Copyright © 2014 by Michael Ray Brown. All rights reserved.
“First rate analysis at a cut-rate price.”
— Creative Screenwriting
In this second annual Special Agency/Consultant issue, Hollywood Scriptwriter magazine talks with agents, managers, and script consultants to find out how you can break into the industry with a marketable script. Story Sense founder Michael Ray Brown leads the pack, describing what makes his service unique.
This excerpt from the August of 2005 issue is reprinted here with the permission of Angela M. Cranon, Editor-in-Chief, Hollywood Scriptwriter magazine.
Why would a writer need a consultant?
Perhaps the simplest answer is that a consultant gives a writer perspective on their work. But why go to the expense of hiring a consultant when you can get feedback from a friend or your spouse, and it won’t cost you a dime? Well, unless your friend has read thousands of screenplays, and has years of practice articulating why these scripts work or don’t work, he or she probably can only offer you some general impressions. These aren’t much good when it comes to rewriting.
It’s not enough just to arm a writer with a list of suggestions. A writer needs to feel confident that these suggestions will make his script better. And not just more commercial, but better at achieving the writer’s intentions. It’s only then that the writer can give the rewrite the emotional commitment it needs. Otherwise, it’s just hackwork. Now, there are lots of well-paid hacks working in Hollywood, but that’s not the sort of writing you want for your speculative script. This is the script you’re writing out of passion, the calling card that will grab the industry’s attention and get you work.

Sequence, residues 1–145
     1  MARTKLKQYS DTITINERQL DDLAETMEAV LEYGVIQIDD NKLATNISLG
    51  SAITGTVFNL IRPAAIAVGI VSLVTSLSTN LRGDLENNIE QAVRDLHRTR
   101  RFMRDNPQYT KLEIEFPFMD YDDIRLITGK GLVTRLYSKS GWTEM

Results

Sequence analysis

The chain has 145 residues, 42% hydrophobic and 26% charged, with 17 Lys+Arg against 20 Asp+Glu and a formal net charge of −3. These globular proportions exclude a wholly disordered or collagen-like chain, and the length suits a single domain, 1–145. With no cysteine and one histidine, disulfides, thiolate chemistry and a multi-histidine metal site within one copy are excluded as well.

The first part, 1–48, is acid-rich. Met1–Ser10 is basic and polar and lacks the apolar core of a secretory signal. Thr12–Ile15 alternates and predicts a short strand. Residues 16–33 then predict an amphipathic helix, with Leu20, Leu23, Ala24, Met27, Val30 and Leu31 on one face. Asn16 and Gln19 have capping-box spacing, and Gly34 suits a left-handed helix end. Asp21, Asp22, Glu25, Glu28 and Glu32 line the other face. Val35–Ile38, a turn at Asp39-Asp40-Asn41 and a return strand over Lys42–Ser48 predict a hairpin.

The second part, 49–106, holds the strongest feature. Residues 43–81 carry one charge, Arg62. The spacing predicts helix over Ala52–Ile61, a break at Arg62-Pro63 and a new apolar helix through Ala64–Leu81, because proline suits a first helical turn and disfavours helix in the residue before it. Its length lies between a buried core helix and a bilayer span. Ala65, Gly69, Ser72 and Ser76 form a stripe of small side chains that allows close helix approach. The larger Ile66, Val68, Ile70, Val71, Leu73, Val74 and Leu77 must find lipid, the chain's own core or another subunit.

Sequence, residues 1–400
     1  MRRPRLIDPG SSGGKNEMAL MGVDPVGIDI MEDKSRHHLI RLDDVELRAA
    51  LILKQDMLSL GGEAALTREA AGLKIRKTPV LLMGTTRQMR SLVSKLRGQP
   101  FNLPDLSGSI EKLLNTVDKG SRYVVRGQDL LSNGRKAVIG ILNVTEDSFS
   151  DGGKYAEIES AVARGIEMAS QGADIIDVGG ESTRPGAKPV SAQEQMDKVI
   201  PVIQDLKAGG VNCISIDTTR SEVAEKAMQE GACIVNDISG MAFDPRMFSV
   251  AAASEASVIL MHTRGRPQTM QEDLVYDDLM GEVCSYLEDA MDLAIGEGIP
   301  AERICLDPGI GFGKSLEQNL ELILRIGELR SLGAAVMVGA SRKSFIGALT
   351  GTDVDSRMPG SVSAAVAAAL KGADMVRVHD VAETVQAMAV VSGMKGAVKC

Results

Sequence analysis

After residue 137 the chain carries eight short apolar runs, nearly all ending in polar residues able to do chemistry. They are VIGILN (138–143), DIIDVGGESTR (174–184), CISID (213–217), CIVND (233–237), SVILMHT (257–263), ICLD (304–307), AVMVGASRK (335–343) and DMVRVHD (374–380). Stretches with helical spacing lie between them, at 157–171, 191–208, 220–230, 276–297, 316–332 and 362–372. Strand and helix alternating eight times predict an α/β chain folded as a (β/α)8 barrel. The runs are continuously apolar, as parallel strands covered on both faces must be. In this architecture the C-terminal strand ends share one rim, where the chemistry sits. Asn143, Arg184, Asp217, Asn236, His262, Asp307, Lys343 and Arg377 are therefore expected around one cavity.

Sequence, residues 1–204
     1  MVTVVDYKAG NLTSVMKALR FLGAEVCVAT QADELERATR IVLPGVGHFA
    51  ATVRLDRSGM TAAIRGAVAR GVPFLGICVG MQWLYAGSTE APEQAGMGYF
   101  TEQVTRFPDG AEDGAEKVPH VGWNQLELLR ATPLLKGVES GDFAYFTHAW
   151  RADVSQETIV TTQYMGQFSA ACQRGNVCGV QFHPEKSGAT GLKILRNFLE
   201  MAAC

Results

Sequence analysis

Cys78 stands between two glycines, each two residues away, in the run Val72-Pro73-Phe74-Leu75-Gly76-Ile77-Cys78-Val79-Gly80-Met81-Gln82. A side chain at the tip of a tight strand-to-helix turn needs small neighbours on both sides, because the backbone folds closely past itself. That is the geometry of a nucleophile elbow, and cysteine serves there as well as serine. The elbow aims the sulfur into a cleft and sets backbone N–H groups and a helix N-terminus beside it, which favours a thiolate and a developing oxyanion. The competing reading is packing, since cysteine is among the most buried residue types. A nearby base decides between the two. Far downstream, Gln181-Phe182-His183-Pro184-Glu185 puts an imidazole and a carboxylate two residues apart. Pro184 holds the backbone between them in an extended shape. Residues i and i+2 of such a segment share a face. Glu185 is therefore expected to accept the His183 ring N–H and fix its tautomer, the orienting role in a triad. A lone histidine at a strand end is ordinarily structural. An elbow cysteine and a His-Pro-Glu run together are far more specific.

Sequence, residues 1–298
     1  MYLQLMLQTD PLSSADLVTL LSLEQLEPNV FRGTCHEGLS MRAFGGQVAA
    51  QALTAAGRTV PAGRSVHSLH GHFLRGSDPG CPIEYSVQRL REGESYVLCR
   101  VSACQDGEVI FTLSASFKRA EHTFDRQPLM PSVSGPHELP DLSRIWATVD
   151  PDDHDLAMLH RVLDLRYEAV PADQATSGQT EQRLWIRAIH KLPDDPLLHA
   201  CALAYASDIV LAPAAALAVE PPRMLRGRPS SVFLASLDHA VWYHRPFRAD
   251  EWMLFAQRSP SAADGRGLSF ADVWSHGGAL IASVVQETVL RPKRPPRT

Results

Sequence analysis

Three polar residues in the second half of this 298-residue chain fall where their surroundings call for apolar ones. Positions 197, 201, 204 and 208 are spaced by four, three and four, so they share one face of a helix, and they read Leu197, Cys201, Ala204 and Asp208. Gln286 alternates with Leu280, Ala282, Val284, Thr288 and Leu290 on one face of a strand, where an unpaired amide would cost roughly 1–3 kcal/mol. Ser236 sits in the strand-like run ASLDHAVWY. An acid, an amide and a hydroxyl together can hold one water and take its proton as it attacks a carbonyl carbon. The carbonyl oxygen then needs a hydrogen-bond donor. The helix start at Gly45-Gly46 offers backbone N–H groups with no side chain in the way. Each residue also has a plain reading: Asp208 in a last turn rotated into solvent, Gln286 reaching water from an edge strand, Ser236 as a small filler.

A good consultant can enlighten you. A good consultant can inspire you. A good consultant can help you take your script to the next level.
What should come first, the script or the consultant?
The story comes first. Don’t try to mine a consultant for ideas. Don’t pitch them your ideas, soliciting their opinions on which one you should write. Ideas are a dime a dozen. It’s not the idea, but how it’s executed that distinguishes good screenwriting. Follow your muse, and write from the heart. Then, when you’ve done as much as you can do, ask a consultant for advice on how to make it better.
That’s not to say it has to be a full screenplay, or even a fully fleshed treatment. Clients often come to me with only an outline in hand. After all, that’s where most of the heavy lifting is done: in working out the structure. Writers will save themselves considerable time if they iron out the story’s kinks before sitting down to type, “FADE IN:” And that is where a consultant can be helpful.
The most important thing, though, isn’t the script or the consultant. It’s the writer’s passion. That’s what will sustain him through the process of rewriting. However, a consultant can make that process shorter and less arduous.
How has consultant advice changed over the past five years?
My notes tend to be longer and more detailed than they were five years ago. I’ve added a section covering format errors, and another with page notes. I also devote much more time to marking up the script than I used to. All this I do in an effort to make my advice as specific as possible.